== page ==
How long will you live…
… knowing is the best guide to your retirement spending
The one piece of advice missing from your birth certificate is the expiry date. Yet this would be the single most helpful number for all retirees. If only we knew this date, we’d be able to do our retirement income sums so much more quickly and accurately. And we’d know exactly how much we could spend each year.
No one, of course, has a crystal ball. And most of us would hate having an actual date – we’d hear that clock ticking far too loudly every day.
But technology and medical science are now combining to allow us to see far more accurate forecasts about our own individual life expectancy.
And it certainly helps to be an Australian.
The most recent Australian Bureau of Statistics (ABS) tables (2019-2021) reveal Australians to be the third longest living nation in the world, just behind Monaco and Japan. Men and women are now living much longer from birth. A male child born today is expected to reach 79.7 years whilst a female child is likely to live to 85.4 years. This compares with 74.4 and 80.3 respectively for children born in 1991.
The ABS tables also show that reaching our nineties is a possibility for many retirees.
As always, the longer you live, the longer you are likely to live.
Here’s a snapshot table of life expectancy for current retirees:
Let’s get more specific
These predictions are based upon population-wide data.
A more accurate projection can be calculated using specific longevity calculators which include your family health history, your lifestyle, exercise and diet and living environment. We ran a test on an actual individual aged 69 and whilst the ABS would suggest a life expectancy of an extra 17 years, ending at 86, the SHAPE calculator predicted an extra 25 years, so our subject is likely to live until 94.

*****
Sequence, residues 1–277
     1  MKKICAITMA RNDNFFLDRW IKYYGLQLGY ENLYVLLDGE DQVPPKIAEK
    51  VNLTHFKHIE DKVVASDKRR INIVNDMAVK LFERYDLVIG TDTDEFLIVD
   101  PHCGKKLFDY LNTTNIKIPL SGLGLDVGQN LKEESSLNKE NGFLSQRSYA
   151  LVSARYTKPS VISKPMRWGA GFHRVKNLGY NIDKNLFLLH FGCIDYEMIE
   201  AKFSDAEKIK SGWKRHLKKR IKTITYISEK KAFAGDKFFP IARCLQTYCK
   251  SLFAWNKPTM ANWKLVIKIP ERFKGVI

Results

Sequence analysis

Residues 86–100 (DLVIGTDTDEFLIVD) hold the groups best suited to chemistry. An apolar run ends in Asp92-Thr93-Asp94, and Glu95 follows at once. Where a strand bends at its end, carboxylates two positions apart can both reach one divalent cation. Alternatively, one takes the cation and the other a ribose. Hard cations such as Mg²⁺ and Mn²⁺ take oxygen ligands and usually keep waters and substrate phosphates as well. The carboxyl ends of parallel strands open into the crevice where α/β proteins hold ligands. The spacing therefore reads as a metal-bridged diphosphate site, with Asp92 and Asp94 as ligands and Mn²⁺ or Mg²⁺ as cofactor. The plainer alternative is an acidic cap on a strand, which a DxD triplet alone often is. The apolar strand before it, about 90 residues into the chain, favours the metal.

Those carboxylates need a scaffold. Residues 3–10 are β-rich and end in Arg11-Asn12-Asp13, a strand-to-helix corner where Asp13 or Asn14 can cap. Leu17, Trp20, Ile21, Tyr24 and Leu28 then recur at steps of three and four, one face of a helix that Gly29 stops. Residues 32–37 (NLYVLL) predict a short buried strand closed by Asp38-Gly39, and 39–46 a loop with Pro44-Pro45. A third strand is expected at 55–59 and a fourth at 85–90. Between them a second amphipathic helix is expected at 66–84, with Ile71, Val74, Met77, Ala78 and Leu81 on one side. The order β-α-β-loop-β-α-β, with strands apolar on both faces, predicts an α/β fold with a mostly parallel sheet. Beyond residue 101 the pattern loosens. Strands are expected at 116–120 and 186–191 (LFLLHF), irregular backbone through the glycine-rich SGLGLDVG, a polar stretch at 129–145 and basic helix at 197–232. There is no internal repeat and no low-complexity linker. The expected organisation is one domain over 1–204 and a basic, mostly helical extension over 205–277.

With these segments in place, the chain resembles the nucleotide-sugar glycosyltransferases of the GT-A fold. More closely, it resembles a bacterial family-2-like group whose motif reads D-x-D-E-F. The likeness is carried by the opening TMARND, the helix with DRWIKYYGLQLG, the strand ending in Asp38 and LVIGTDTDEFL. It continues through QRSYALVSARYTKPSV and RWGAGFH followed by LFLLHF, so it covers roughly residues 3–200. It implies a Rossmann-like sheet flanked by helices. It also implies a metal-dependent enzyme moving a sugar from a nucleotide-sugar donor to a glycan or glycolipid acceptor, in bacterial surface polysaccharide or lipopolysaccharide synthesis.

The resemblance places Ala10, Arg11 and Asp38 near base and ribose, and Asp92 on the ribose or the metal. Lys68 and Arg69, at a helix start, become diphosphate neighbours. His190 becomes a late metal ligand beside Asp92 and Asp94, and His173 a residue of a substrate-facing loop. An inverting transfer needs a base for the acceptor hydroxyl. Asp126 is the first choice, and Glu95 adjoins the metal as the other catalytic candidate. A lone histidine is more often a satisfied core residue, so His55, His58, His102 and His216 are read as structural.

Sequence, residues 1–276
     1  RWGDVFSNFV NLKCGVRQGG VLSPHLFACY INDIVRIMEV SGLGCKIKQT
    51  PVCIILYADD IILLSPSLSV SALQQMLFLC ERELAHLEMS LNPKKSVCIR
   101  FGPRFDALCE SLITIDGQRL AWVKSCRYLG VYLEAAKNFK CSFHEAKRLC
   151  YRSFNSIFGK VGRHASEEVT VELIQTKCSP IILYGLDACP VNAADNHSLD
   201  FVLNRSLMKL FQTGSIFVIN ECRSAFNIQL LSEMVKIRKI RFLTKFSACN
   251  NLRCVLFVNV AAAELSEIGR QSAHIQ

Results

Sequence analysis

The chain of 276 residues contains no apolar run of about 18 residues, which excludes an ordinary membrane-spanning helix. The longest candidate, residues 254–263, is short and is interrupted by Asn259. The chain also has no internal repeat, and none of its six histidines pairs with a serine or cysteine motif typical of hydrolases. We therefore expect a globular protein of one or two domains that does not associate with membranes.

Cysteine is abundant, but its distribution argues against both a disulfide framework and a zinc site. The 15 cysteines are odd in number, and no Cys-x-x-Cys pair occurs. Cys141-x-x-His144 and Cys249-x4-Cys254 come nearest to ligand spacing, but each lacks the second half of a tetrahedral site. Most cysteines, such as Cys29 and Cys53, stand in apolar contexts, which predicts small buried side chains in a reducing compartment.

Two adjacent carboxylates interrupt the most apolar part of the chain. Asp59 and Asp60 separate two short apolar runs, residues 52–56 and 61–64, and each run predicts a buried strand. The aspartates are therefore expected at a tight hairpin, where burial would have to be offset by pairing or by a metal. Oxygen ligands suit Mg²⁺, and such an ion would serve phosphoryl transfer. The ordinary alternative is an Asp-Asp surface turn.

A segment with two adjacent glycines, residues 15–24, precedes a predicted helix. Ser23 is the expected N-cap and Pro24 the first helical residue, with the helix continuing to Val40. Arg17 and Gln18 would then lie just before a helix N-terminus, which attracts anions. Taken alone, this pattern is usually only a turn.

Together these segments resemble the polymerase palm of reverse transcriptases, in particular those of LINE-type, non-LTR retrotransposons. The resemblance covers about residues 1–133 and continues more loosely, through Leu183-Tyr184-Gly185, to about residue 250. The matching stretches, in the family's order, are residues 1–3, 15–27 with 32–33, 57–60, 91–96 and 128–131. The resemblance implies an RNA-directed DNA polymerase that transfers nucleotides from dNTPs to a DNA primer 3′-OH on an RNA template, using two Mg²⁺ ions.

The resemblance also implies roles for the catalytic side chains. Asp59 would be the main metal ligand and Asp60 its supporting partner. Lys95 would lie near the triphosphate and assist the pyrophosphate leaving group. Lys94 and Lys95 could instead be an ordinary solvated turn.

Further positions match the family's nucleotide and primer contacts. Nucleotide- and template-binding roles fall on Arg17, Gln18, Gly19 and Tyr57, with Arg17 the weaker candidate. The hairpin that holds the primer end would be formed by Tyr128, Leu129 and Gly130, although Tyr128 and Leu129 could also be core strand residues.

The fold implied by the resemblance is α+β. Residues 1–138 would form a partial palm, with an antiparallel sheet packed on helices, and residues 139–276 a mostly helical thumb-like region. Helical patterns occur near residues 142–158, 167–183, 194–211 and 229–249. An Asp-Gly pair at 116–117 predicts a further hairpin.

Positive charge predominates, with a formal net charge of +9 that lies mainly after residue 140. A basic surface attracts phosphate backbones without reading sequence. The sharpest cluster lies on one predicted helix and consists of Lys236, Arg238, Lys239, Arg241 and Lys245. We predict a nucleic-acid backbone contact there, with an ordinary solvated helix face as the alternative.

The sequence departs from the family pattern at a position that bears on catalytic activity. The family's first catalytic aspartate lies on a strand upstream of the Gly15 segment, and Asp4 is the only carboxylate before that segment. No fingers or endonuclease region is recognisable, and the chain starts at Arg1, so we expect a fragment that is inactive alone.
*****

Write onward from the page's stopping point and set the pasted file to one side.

Why does this matter?
Funding an extra eight years is a significant change in the calculations of how long your money will last. It’s also useful to consider what those extra years will look like. If you are currently in your late 60s and active, how long can you hope to remain active and living independently? At which point might you become frail and need extra support? Will you, toward the end of your life become dependent and thus need a more supportive accommodation?
This information can be used to achieve even more accurate financial forecasts.
A typical retiree will receive a mix of income from the Age Pension and their own savings, in super, or private investments. By the time they are 80, 80% will rely upon this mix of income.
Booking a Retirement Essentials Retirement Forecaster consultation will give you an extremely accurate picture of how your money will last. You can input current income, Age Pension, income streams from super and other investments and project how long savings will last and how the Age Pension may increase as savings reduce. The calculator takes inflation and conservative earnings into account, so you don’t need to do these sums. You will then need to input your expected spending. If this results in a dismal outlook, you can change the spending setting and see if that is more pleasing. You will then have a target spending figure to aim for.
As we said, there is no crystal ball, but a more accurate longevity forecast is a super handy starting point when projecting how long your savings will last – and how, as they reduce, you will fund your retirement.